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Probiotics May Prevent Certain Allergies In Cesarean-delivered Children But Not In All Children

Date:
January 17, 2009
Source:
Helsingin yliopisto (University of Helsinki)
Summary:
According to a recent study, no allergy-preventive effect is extended to age 5 years by perinatal supplementation with probiotics in babies at risk for developing allergies; protection is conferred only to Cesarean section babies.

According to a recent study from the University and the University Central Hospital of Helsinki, Finland, no allergy-preventive effect is extended to age 5 years by perinatal supplementation with probiotics in babies at risk for developing allergies; protection is conferred only to Cesarean section babies.

Childhood allergies have increased significantly in industrialized countries during the past few decades. Researchers theorize that this rising incidence is the result of a lowered exposure to bacteria in early childhood. This exposure to microbes appears to be essential in jump-starting the immune system to develop healthy pathways that do not result in allergic conditions.

Additionally, it’s been observed that infants who develop allergies have intestinal bacteria that are distinctly different from those of non-allergic infants, suggesting that the type of intestinal microflora is an important factor in forming allergic conditions.

In a study published in the Journal of Allergy and Clinical Immunology (online January 2009) researchers from the University and University Central Hospital of Helsinki conducted a clinical trial of more than 1200 mothers whose infants would be at high risk to develop allergies. During the last month of their pregnancies, the mothers took daily doses of a probiotic mixture or a placebo, and their infants were given the same probiotic mixture plus a prebiotic or a placebo for the first 6 months of their lives. The children were followed for 5 years and evaluated for incidence of allergic diseases.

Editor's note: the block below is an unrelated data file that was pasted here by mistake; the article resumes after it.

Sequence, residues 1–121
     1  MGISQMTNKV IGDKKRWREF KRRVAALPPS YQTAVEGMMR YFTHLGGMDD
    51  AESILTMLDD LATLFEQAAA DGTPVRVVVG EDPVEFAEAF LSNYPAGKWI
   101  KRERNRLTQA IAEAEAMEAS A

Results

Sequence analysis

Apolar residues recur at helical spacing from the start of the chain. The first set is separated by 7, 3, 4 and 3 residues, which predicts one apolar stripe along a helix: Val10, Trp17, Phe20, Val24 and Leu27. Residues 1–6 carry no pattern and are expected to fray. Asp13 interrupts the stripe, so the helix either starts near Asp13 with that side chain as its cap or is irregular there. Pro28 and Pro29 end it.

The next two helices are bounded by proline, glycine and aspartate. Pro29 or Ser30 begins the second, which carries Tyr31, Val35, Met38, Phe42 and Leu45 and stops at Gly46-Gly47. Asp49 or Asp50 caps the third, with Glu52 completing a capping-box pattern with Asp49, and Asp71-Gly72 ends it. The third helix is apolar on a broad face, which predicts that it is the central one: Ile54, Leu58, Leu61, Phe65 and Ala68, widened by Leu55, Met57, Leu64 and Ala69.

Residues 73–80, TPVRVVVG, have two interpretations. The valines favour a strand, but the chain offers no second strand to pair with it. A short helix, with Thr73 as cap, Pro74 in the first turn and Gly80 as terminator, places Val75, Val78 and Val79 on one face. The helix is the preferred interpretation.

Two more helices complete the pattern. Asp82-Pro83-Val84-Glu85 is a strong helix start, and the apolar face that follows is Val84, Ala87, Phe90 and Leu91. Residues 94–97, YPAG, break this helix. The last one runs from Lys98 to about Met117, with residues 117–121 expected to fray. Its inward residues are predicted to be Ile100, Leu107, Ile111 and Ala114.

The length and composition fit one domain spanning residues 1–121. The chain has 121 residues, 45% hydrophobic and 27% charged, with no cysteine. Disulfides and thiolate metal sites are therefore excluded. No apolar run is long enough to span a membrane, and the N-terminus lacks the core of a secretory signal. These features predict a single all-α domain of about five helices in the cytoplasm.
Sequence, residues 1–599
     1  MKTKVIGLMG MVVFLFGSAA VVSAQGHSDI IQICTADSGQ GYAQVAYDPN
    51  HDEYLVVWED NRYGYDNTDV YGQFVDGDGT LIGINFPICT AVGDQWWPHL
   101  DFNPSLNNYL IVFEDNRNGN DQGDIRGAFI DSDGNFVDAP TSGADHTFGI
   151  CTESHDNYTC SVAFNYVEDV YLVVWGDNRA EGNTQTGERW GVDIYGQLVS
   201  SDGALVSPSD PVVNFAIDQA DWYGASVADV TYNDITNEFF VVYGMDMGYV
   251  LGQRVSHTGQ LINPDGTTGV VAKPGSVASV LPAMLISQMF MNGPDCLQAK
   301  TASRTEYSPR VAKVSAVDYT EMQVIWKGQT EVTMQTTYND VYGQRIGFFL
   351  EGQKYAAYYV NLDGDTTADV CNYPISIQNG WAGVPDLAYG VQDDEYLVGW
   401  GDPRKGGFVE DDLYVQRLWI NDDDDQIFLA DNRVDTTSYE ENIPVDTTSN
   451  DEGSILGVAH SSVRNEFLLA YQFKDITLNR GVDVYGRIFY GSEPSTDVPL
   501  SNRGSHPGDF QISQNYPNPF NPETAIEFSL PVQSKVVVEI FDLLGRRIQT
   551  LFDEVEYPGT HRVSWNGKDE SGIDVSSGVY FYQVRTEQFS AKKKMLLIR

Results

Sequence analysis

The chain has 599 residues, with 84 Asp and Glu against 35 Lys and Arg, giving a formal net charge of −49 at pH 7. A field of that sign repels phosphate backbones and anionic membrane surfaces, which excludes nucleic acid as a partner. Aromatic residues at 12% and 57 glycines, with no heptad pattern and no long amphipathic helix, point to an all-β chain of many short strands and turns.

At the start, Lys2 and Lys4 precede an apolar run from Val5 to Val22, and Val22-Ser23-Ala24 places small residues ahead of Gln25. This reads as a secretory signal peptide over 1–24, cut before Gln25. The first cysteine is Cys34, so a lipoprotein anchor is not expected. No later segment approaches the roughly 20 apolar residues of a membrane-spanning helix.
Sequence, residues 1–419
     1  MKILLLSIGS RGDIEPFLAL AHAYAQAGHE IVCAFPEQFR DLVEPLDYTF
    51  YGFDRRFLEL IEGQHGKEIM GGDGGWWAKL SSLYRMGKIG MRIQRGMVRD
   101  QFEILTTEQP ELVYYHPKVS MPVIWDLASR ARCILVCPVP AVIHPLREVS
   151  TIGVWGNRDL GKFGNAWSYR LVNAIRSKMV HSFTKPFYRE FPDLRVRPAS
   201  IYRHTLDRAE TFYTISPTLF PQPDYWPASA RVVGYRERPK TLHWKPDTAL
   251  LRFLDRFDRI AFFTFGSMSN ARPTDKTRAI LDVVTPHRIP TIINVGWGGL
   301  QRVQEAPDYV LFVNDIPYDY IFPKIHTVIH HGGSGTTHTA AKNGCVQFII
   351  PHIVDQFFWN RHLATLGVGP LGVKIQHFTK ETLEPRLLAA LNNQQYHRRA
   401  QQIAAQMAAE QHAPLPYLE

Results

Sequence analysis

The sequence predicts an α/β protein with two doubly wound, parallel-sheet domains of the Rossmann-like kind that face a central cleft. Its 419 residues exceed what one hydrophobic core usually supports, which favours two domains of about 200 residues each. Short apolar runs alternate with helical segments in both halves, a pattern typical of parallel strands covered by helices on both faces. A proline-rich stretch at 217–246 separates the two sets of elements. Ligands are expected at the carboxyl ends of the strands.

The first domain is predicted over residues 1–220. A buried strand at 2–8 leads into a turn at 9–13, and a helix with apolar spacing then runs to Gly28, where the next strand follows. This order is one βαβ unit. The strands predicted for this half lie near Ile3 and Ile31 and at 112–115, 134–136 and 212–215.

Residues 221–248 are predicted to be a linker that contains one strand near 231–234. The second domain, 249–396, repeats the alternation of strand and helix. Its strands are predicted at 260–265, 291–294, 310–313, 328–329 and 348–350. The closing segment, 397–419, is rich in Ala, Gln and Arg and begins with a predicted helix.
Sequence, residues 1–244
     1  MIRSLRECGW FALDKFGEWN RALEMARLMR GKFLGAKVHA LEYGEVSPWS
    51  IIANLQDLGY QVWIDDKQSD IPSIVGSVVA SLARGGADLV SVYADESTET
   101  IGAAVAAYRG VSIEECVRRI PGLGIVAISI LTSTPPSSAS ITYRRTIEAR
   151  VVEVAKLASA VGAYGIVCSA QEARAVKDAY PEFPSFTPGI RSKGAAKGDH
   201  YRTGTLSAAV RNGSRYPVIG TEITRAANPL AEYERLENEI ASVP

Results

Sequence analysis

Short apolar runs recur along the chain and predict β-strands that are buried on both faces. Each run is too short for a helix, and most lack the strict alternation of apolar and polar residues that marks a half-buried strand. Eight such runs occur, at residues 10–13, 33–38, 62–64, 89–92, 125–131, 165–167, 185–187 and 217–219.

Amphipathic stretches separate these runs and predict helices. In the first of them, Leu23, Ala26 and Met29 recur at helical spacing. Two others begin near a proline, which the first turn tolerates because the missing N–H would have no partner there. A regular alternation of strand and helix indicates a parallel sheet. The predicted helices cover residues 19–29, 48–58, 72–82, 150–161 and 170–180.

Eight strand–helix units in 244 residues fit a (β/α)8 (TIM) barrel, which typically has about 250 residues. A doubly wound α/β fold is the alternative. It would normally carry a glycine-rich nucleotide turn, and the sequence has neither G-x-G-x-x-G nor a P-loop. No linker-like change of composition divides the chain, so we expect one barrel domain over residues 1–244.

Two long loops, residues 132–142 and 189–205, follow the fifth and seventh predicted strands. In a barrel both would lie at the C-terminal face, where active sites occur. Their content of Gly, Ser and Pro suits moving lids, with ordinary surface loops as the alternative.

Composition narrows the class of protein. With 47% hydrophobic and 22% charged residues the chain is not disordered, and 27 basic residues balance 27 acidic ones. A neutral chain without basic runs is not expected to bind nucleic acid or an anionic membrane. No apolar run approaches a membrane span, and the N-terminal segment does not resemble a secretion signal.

The authors found that the frequencies of allergic and IgE-associated allergic disease and sensitization were similar in the children who had received probiotic and those who’d gotten placebo. Although there appeared to be a preventive effect at age 2, there was none noted at age 5. Interestingly, in babies born by cesarean section, the researchers found less IgE-associated allergic disease in those who had received the probiotic.

“No allergy-preventive effect is extended to age 5 years by perinatal supplementation with probiotics in babies at risk for developing allergies; protection is conferred only to C-section babies”, says Dr. Mikael Kuitunen from the University Central Hospital of Helsinki. “However, it is possible that stronger and longer stimulation of the infant immune system possibly by varying the strains of bacteria, may result in better allergy-preventive effects.”


Story Source:

The above story is based on materials provided by Helsingin yliopisto (University of Helsinki). Note: Materials may be edited for content and length.


Journal Reference:

  1. Kuitunen M, MD, PhD, Kukkonen K, MD, Juntunen-Backman, MD, PhD, Korpela, Riitta, PhD, Poussa, Tuija, Tuure, Tuula, PhD, Haahtela, Tari, MD, PhD, and Savilahti, Erkki, MD, PhD. Probiotics prevent IgE-associated allergy until age 5 years in cesarean-delivered children but not in the total cohort. Journal of Allergy and Clinical Immunology, (in press)

Cite This Page:

Helsingin yliopisto (University of Helsinki). "Probiotics May Prevent Certain Allergies In Cesarean-delivered Children But Not In All Children." ScienceDaily. ScienceDaily, 17 January 2009. <www.sciencedaily.com/releases/2009/01/090114075925.htm>.
Helsingin yliopisto (University of Helsinki). (2009, January 17). Probiotics May Prevent Certain Allergies In Cesarean-delivered Children But Not In All Children. ScienceDaily. Retrieved April 17, 2014 from www.sciencedaily.com/releases/2009/01/090114075925.htm
Helsingin yliopisto (University of Helsinki). "Probiotics May Prevent Certain Allergies In Cesarean-delivered Children But Not In All Children." ScienceDaily. www.sciencedaily.com/releases/2009/01/090114075925.htm (accessed April 17, 2014).

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